a western meadowlark, yellow chest shining, it's cheerful song dancing across the road.
a prairie falcon, sitting atop a narrow, bare tree, seemingly immobile, perusing its vast, austere estate.
a yellowed, weathered rib cage, likely cervidae, off to the right side of the road, shocking me by its abrupt appearance: how long has this been there?
wind pushing steadily from the south, the west, determined, undeterred from its path.
the reservoir, frozen still but losing its battle with spring, ice pulling back from shorelines, fissures opening across its expanse, surface rough and uneven.
early april in dell canyon, the hillsides having released their snow, the life beneath ground not yet showing itself, not yet sending up shoots and blades of green.
perfect riding weather, temperature in the upper fifties, cool enough to remind me it's still early in the season, warm enough to allow capris and fingerless gloves and a head that's bare under my helmet.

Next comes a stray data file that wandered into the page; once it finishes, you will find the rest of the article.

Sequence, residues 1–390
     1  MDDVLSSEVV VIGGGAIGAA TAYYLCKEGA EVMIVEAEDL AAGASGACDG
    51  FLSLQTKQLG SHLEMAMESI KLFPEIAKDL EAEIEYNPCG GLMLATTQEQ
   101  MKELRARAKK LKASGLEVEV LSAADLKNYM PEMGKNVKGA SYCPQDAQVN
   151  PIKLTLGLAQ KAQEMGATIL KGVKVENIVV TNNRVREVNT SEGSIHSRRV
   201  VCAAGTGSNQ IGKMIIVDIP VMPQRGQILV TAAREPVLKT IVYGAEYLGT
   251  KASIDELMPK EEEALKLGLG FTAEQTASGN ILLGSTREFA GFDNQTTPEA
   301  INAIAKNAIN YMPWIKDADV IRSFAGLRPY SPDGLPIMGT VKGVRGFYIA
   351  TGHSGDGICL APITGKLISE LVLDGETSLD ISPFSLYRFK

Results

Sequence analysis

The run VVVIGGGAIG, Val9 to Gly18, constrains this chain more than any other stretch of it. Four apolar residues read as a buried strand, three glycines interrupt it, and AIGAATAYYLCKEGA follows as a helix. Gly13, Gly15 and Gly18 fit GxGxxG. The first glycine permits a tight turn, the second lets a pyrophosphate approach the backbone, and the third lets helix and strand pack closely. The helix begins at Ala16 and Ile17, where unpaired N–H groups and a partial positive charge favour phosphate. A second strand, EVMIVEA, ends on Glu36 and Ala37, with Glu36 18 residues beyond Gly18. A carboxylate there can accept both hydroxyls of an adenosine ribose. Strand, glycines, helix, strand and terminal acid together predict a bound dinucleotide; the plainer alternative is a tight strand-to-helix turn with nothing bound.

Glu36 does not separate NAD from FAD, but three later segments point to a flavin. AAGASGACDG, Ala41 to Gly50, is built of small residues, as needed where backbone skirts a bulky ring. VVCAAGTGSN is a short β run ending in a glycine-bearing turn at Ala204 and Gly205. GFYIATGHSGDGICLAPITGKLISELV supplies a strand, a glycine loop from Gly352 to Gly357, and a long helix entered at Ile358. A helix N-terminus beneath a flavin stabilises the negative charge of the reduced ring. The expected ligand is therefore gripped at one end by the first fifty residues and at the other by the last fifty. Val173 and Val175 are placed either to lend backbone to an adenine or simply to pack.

though I love the falcon and the chipper song of the meadowlark, it is the fissures in the frozen lid of the reservoir that capture my interest, my soul. they decorate the top, one here, another there, no rhyme or rhythm to their placements, and the glance into the depths below that they allow is simultaneously flirtatious and dangerously seductive.
a dash of dark amidst the eighteen shades of white that compose the textured glacial surface, each fissure is an opportunity, a space between, a place to initiate change.
leonard cohen would tell us a fissure is where the light comes in; I first see the fissures here as exciting, a sign of progress. I liken this to personal growth: we cannot move forward until a crack appears and we widen it, splitting it apart and letting what's new and fresh, different, better, make itself known.
today I saw the season's first earthworms, plump and curled, brought to the pavement by last night's rain and snow.
the seasons change, often slowly but always, inevitably. ice melts, snow fades, plants send forth new shoots.
and we eventually find ways to let the light come in.